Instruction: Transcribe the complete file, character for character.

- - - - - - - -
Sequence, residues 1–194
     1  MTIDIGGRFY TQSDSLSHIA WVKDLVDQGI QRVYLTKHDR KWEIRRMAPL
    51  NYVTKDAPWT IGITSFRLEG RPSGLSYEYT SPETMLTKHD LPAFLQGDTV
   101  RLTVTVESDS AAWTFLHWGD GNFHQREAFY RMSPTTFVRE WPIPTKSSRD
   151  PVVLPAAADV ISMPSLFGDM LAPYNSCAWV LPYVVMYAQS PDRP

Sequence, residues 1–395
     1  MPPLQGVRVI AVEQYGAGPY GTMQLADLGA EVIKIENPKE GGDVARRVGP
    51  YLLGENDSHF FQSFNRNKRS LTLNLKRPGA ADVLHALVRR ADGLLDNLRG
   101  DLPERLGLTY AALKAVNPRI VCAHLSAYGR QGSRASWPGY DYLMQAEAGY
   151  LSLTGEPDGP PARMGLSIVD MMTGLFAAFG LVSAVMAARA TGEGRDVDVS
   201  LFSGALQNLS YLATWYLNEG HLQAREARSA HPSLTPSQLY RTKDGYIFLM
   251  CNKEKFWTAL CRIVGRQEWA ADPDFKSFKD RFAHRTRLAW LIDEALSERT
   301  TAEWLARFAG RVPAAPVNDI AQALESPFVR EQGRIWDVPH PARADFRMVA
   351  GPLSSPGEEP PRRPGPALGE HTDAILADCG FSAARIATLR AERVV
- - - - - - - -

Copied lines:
Sequence, residues 1–194
     1  MTIDIGGRFY TQSDSLSHIA WVKDLVDQGI QRVYLTKHDR KWEIRRMAPL
    51  NYVTKDAPWT IGITSFRLEG RPSGLSYEYT SPETMLTKHD LPAFLQGDTV
   101  RLTVTVESDS AAWTFLHWGD GNFHQREAFY RMSPTTFVRE WPIPTKSSRD
   151  PVVLPAAADV ISMPSLFGDM LAPYNSCAWV LPYVVMYAQS PDRP

Sequence, residues 1–395
     1  MPPLQGVRVI AVEQYGAGPY GTMQLADLGA EVIKIENPKE GGDVARRVGP
    51  YLLGENDSHF FQSFNRNKRS LTLNLKRPGA ADVLHALVRR ADGLLDNLRG
   101  DLPERLGLTY AALKAVNPRI VCAHLSAYGR QGSRASWPGY DYLMQAEAGY
   151  LSLTGEPDGP PARMGLSIVD MMTGLFAAFG LVSAVMAARA TGEGRDVDVS
   201  LFSGALQNLS YLATWYLNEG HLQAREARSA HPSLTPSQLY RTKDGYIFLM
   251  CNKEKFWTAL CRIVGRQEWA ADPDFKSFKD RFAHRTRLAW LIDEALSERT
   301  TAEWLARFAG RVPAAPVNDI AQALESPFVR EQGRIWDVPH PARADFRMVA
   351  GPLSSPGEEP PRRPGPALGE HTDAILADCG FSAARIATLR AERVV